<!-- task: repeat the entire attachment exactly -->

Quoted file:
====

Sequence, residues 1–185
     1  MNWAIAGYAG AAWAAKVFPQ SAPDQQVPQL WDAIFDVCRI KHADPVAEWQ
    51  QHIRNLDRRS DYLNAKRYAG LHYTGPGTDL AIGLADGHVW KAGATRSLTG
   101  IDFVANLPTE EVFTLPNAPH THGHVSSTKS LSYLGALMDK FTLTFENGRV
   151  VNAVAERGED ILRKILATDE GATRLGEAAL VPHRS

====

Sequence, residues 1–185
     1  MNWAIAGYAG AAWAAKVFPQ SAPDQQVPQL WDAIFDVCRI KHADPVAEWQ
    51  QHIRNLDRRS DYLNAKRYAG LHYTGPGTDL AIGLADGHVW KAGATRSLTG
   101  IDFVANLPTE EVFTLPNAPH THGHVSSTKS LSYLGALMDK FTLTFENGRV
   151  VNAVAERGED ILRKILATDE GATRLGEAAL VPHRS